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Scientists find 4.5 billion-year-old ‘ancient star dust’ in Antarctica

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Jiya Saini
Jiya Saini is a Journalist and Writer at Revyuh.com. She has been working with us since January 2018. After studying at Jamia Millia University, she is fascinated by smart lifestyle and smart living. She covers technology, games, sports and smart living, as well as good experience in press relations. She is also a freelance trainer for macOS and iOS, and In the past, she has worked with various online news magazines in India and Singapore. Email: jiya (at) revyuh (dot) com

Antarctica is home to some of the most elusive natural wonders ever seen. Strange colours emerge, animals grow unusually big, and boiling lava erupts in one of the world’s coldest areas. Scientists have just uncovered yet another strange aspect of life on the ice continent.

Researchers scoured the terrain and discovered a croissant-shaped particle of stardust that was undetectable to the human eye.

With the help of special microscopes, they detected an “ancient star dust”.

It was so tiny, measuring only about 1/25,000 of an inch in diameter.

The speck, which was discovered inside a meteorite that crashed into Antarctica, is thought to have originated from a nova explosion.

Though it was way too small for the researchers to date it, they guessed, based on its composition and the meteorite that it came from, that its at least 4.5 billion years old — around the time our solar system formed.

Named LAP-149, the blue and red speck has extremely high levels of a very specific form of carbon, called iron-60.

Nothing on the planet has shown such high levels.

The Earth is often bombarded with extraterrestrial dust.

But the researchers, who published their findings in the journal, ‘Physical Review of Letters’, said this was the “very first detection of a recent influx”.

Initially found in 2019, the team, led by Dominik Koll, examined the possibility that the iron-60 could have come from terrestrial sources.

They eventually concluded that it must be interstellar in origin, likely coming from a supernova in the neighbourhood of our Sun.

Mr Koll, a physicist from the Australian National University, told Newsweek: “We collected 500 kilograms [1,100 pounds] of surface snow in Antarctica, shipped it to Munich in a frozen state, melted and filtered it and did some chemistry on the filters and on the water.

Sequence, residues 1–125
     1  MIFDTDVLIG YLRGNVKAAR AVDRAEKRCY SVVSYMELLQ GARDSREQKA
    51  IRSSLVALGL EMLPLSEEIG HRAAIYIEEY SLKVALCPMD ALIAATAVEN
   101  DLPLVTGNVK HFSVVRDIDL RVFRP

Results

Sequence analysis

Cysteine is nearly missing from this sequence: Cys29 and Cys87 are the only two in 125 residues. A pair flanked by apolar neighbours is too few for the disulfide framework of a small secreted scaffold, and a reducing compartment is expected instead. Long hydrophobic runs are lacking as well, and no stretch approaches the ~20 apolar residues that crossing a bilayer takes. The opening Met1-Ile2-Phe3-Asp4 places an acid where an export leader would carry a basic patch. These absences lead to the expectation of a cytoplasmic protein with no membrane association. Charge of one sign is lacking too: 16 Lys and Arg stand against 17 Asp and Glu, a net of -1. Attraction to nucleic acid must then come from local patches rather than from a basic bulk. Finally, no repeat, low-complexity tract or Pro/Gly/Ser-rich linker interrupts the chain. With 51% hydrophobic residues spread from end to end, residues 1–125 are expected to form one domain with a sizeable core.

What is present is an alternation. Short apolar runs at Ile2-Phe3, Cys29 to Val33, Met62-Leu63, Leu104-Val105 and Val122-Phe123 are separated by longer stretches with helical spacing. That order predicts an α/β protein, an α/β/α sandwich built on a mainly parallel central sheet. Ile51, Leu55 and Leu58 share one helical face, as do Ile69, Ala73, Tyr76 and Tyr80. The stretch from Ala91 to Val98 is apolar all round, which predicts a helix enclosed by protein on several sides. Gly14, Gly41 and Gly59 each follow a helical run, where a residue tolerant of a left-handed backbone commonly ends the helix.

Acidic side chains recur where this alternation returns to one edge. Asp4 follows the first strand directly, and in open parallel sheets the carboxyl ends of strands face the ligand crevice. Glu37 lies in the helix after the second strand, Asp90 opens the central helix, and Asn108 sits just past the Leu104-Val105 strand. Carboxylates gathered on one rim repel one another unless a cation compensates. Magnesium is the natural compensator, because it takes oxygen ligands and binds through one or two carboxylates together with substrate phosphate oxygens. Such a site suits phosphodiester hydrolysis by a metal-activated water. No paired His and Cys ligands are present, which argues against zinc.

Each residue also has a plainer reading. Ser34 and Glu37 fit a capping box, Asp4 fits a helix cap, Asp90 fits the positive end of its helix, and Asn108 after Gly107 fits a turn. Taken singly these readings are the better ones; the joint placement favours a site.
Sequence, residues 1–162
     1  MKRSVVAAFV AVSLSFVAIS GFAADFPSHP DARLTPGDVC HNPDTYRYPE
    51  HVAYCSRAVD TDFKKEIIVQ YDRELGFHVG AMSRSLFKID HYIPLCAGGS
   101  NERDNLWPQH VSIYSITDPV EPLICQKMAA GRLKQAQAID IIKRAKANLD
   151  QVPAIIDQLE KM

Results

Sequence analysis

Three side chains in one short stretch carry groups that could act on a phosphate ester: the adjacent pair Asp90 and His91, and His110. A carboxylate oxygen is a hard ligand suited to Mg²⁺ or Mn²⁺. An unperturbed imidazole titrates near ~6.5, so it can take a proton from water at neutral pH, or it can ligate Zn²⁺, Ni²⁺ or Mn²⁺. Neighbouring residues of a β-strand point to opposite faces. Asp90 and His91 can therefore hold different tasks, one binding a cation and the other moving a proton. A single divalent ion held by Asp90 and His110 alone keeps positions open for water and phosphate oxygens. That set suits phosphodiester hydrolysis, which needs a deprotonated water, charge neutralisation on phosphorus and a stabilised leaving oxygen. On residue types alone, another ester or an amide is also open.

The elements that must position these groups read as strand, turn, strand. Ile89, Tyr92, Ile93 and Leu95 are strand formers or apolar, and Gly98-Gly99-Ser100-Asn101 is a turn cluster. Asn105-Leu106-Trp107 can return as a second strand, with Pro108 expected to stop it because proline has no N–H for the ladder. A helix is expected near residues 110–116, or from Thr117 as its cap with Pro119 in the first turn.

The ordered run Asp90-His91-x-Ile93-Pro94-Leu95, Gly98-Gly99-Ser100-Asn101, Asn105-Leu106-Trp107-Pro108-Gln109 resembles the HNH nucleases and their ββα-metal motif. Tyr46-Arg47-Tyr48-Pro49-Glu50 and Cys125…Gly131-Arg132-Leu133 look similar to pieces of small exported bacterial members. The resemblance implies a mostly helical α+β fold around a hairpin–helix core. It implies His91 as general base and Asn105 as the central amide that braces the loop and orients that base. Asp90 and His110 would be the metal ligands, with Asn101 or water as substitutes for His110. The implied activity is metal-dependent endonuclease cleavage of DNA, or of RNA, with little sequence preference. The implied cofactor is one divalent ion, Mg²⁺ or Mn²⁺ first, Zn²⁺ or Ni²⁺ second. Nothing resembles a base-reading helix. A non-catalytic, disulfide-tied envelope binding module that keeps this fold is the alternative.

“The measurement of iron-60 was then done at the accelerator lab in Garching, Germany with accelerator mass spectrometry — that’s single atom counting.”

They found that the snow contained substantial quantities of dust-enriched with iron-60, not naturally produced on our planet, that had accumulated over the past two decades or so.

A rare substance, which is an isotope of the element iron – a chemical variant which has atoms that contain a different number of neutrons (in this case, four more than standard iron.)

The radioactive isotope has a half-life of around 2.6 million years.

This is essentially the time it takes for one half of the atomic nuclei in a sample of the substance to decay.

It is, as a result, extremely long-lasting, especially compared to other radioactive molecules with short half-lives, enabling scientists to detect it.

The researchers said that only ageing, massive stars in their death throes and certain types of supernova explosions can produce heavy metals such as iron-60, spewing particles of these substances into space.

A star must be tens of times more massive than our Sun to be capable of creating iron isotopes.

This indicates that the iron-60 originated from outside of the Solar System.

In a statement, Mr Koll added: “It must have been a supernova, not so near as to kill us but not too far to be diluted in space.”

The conclusion led him and his team to suggest that our planet was once littered with the iron-60 particles at some point in our Solar System’s travels through a region of our galaxy known as the Local Interstellar Cloud.

This region, which spans about 30 light-years across, is thought to have formed after massive stars exploded as supernovae, ejecting vast quantities of gas into space.

However, it is unclear where exactly the iron-60 came from.

Image Credit: Getty

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